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Phil Holland Williams
Randolph County West Virginia:
A Pictorial and Documentary Sampler

West Virginia Veterans Memorial


Phil Holland Williams

"In War: Resolution. In Defeat: Defiance. In Victory: Magnanimity. In Peace: Good Will."

British Prime Minister Winston Churchill

Phil Holland Williams was born on April 10, 1921, to Phil and Ruth Troutman Williams in Randolph County, West Virginia. In the 1930 Federal Census, the census taker recorded that they were living in Leadsville, West Virginia, an unincorporated area adjacent to Elkins. Mr. Williams was an operator in the timber industry. With Mr. and Mrs. Williams lived Judith Troutman, the mother of Mrs. Williams, and the children, Phil Holland and Martha Barrett. In 1940, the family lived in the same home, with the same family members, as they did in 1930. Mr. Williams was described as a coal operator by the 1940 census taker.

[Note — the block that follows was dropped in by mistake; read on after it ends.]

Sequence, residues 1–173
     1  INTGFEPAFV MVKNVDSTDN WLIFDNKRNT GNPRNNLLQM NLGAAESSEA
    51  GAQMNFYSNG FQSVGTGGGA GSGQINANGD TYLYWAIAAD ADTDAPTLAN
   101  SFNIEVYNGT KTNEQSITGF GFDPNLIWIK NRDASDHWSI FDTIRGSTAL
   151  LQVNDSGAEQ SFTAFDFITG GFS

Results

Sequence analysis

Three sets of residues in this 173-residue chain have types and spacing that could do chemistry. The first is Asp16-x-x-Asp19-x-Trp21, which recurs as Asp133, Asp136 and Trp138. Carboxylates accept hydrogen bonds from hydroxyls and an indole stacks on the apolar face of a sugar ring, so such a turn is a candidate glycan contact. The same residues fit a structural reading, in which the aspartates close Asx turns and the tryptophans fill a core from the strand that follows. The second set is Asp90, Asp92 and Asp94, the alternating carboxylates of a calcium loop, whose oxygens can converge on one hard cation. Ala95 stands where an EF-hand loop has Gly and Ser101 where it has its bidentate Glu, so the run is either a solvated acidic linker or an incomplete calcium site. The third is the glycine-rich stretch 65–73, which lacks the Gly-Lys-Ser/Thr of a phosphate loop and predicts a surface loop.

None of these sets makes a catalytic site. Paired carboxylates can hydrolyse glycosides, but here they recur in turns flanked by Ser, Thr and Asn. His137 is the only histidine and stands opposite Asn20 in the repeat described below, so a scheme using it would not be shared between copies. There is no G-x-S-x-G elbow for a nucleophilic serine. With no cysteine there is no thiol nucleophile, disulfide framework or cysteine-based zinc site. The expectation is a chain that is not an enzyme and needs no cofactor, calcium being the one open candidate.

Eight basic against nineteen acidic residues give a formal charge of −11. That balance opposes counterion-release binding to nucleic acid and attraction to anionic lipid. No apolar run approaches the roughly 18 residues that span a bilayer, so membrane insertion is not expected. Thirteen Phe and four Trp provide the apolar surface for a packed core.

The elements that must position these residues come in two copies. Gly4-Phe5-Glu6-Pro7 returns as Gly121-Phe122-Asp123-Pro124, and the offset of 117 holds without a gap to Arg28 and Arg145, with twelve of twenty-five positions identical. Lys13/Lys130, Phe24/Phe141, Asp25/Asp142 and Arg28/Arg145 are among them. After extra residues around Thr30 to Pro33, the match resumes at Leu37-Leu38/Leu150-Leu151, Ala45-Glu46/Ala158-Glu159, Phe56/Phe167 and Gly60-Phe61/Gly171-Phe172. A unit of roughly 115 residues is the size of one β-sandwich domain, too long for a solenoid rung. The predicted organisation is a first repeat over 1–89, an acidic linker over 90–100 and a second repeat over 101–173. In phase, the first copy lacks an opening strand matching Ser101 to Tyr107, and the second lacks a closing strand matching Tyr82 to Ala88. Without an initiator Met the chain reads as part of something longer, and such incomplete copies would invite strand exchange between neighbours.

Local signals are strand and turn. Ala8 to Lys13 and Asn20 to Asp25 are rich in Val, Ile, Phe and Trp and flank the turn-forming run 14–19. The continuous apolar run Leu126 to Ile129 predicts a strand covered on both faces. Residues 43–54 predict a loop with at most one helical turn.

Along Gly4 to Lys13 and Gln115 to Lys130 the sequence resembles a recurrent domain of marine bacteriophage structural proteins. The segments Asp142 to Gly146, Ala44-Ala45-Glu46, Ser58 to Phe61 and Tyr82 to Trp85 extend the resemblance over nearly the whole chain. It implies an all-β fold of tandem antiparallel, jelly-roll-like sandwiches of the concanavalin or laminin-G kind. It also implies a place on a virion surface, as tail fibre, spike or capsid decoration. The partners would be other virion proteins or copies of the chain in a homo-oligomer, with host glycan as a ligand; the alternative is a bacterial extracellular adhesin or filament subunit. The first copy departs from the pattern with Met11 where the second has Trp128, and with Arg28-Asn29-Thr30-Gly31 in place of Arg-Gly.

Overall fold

The newspaper death notices that list Phil Holland Williams's accomplishments by the end of his life start in his high school years, when he attended Elkins High School. The portrait painted is one of an outgoing young man who enjoyed an active life, physically and mentally. He graduated from Elkins High School in 1938 and attended Davis and Elkins College from 1938 to 1939. In the summer of 1939, he attended Culver Military Academy in Indiana, which offered opportunities for summer camps as well as a full course of instruction and leadership training. From there, he entered West Virginia University in the fall of 1939 and earned a bachelor of arts degree in economics in 1942. He entered WVU Law School in 1942.

Throughout the years he spent in education, he also joined societies and clubs and kept up with hobbies. In WVU yearbooks of various years, Phil Williams is pictured or listed as part of Phi Kappa Psi-Alpha Chapter, the WVU Varsity Rifle Team and ROTC, and the university Men's Glee Club.

He also enjoyed hobbies such as horsemanship and photography.